Sunday, May 26, 2024
HomeCOVID-19Have my friends been taken over by aliens?

Have my friends been taken over by aliens?


I DON’T suppose the science fiction writer John Wyndham is much read these days but in the 50s and 60s his books were very popular. Recently one of his plots has been playing on my mind.

The Day of the Triffids (1951) opens with a shower of green meteors over Britain which draws nearly everyone to watch. Next day the spectators are all blind, the only ones to escape with their sight being a handful who were unconscious or otherwise unable to see the meteors.

I am starting to wonder if some similar Wyndham-style phenomenon has affected all but a very few of the population, disabling their critical faculties and making them unquestioningly, even gladly, receptive to every word issuing from ‘authority’. It is hard otherwise to explain how so many previously sensible people have believed the government propaganda and given it the status of holy writ.

The vast majority can personally know no one much under 80 who has died of or ‘with’ Covid-19 (in other words picked it up in hospital), or even been seriously ill.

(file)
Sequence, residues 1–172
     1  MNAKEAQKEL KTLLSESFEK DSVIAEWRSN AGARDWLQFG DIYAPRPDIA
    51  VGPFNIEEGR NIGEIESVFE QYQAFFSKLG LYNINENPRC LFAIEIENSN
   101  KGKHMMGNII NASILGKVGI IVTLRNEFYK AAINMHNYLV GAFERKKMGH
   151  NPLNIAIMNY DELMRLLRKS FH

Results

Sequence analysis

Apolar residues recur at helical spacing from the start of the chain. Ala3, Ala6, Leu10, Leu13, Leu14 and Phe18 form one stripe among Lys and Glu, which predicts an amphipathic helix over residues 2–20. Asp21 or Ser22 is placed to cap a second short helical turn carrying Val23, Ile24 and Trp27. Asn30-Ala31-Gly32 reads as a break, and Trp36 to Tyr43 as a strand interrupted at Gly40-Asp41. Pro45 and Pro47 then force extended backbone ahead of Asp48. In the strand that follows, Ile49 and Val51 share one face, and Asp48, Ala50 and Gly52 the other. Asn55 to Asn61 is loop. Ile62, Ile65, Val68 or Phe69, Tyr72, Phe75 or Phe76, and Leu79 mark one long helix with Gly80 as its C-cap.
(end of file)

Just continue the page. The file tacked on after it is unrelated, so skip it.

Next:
Sensible people can surely not believe that a piece of cloth or paper can act as a barrier to a virus. It is like using a football net to block sand, but not as efficient. Yet they obediently mask up, even in the open air, even when there is no other person within 100 yards.

Something must have taken over their brains – there is no other explanation.

I used to work in newspapers and so did many of my friends and acquaintances. I have known some for decades. It would be hard to find a more cynical bunch, never taking anything from officialdom at face value. They are quick-witted, humorous and intelligent, and I like, trust and respect them. I assumed we were on the same wavelength. Yet these same friends, to a person, have been suckered into fearing a virus which is dangerous only to a tiny minority, and into believing that they must have a novel type of vaccine in an early experimental stage. Where is the scepticism they always used to show? They seem to have taken leave of their senses.   

At the end of The Day of the Triffids, a paramilitary faction emerge intending to take control of the remaining sighted people, while a few dissidents establish a community on the Isle of Wight. Maybe I’ll see you there?

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Keith Joyce
Keith Joyce
Keith Joyce (pseudonym) has worked in provincial and national newspapers and in TV.

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